Classic French Cinema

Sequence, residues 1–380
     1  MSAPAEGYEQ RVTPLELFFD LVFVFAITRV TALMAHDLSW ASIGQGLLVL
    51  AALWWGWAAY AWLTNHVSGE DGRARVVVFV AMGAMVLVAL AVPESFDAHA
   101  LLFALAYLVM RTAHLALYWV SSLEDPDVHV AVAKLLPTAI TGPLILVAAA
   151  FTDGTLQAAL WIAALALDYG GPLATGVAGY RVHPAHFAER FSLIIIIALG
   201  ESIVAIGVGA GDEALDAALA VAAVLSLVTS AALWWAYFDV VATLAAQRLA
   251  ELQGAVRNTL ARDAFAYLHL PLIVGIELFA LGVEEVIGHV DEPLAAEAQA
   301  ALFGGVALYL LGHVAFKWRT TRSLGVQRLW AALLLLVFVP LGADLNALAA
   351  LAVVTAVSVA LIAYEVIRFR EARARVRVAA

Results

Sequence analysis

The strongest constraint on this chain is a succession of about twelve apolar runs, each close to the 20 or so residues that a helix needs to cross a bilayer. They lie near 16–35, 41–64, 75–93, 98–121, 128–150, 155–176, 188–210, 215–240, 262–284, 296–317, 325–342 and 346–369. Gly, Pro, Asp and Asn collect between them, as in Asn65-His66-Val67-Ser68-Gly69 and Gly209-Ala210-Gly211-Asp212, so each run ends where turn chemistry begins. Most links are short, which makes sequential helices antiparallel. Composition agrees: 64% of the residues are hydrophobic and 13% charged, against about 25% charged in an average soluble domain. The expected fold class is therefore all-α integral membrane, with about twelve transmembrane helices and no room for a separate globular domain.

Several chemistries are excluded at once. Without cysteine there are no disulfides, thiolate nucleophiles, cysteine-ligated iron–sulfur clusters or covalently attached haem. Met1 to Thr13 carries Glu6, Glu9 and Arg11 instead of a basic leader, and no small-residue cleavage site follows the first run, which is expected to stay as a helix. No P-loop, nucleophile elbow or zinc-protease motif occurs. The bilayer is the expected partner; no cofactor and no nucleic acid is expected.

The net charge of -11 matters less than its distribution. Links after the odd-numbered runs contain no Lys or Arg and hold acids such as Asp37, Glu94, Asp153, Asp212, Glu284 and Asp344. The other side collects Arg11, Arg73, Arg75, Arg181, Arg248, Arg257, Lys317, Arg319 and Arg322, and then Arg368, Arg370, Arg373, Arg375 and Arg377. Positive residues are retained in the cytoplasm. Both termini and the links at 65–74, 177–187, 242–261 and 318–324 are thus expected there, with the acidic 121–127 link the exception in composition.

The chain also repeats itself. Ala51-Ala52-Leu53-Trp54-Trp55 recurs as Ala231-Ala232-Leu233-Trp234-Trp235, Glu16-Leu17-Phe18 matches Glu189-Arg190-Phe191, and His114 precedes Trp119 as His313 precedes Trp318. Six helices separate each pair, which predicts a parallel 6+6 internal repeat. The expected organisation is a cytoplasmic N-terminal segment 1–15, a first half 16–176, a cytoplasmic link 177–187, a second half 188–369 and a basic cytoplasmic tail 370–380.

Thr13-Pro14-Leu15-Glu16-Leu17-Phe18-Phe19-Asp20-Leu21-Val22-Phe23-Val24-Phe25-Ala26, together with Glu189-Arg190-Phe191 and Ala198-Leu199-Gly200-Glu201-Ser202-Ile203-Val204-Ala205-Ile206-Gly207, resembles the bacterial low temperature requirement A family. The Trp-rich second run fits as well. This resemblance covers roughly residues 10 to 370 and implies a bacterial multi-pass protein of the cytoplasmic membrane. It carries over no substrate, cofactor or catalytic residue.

The NW Film Center’s series of French cinema arrives with the dog days of summer, meaning that between now and the end of August, there are some excellent alternatives to the late-summer multiplex doldrums. The series appears to be curated around French director Bertrand Tavernier’s new three-hour documentary My Journey Through French Cinema, a far from comprehensive but enjoyably heartfelt survey of his country’s film history. That means the series eschews obvious touchstones like Truffaut, Godard, Malle, and Chabrol. Rather, the maverick Jean-Pierre Melville is represented by two of his greatest films (1967’s grimly meditative, hugely influential Le Samouraï and 1969’s bleak French Resistance thriller Army of Shadows), as is poetic realist Marcel Carné, whose sweepingly tragic work, such as 1939’s Le jour se lève and 1945’s two-part epic Children of Paradise (both screening), was considered laughably outdated when the French New Wave rolled around. The Melville films, especially Le Samouraï, are must-sees for contemporary audiences, as is the tense, paranoid Classe tous risques, a 1960 thriller from director Claude Sautet that juxtaposes film-noir and gangster-film tropes onto a heartbreaking domestic story.


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